Here are five difficult issues for the NATO summit

What next after Russia’s ‘containment’, how to keep America engaged with Europe and which country joins next are just a few of them, writes Andrew Dorman.

The World Today
3 minute READ

Russia’s illegal invasion of Ukraine has reminded many of the central importance of NATO for the defence of Europe. The alliance’s next meeting, scheduled to be held in Vilnius in July, will be the first Finland attends as a full member and potentially the last before Sweden joins.

Both bring capable and credible forces to this collective defence organization. Both were formally neutral states during the Cold War and joining NATO was a direct consequence of Vladimir Putin’s invasion of Ukraine.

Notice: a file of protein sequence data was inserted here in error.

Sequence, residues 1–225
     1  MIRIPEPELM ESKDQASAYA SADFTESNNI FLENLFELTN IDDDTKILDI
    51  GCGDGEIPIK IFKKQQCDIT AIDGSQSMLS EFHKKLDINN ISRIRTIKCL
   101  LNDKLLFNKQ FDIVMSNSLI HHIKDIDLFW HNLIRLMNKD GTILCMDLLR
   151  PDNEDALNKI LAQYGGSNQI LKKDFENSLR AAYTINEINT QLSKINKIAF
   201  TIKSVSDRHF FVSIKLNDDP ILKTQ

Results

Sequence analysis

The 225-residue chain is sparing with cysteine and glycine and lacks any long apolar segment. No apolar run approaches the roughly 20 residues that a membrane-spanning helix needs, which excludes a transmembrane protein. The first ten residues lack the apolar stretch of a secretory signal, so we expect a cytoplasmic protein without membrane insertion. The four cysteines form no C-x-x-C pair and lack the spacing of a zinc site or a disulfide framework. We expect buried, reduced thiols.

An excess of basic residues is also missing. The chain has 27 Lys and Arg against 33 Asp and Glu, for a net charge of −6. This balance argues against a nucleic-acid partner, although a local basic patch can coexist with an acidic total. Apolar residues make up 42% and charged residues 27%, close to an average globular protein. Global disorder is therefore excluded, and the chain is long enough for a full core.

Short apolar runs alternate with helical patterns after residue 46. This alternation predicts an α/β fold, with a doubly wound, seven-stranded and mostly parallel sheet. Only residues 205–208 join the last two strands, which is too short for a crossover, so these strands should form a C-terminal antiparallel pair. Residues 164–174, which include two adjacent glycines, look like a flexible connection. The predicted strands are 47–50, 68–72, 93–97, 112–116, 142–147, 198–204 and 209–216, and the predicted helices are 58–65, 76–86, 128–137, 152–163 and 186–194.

While the Russian action may have re-invigorated a more or less united Nato, it has not been plain sailing. Russia’s invasion has also shone a light on issues that NATO’s leaders have sought to defer rather than tackle for more than a decade, and the ‘too difficult’ jar is overflowing. Here are some of these issues to watch out for in July:

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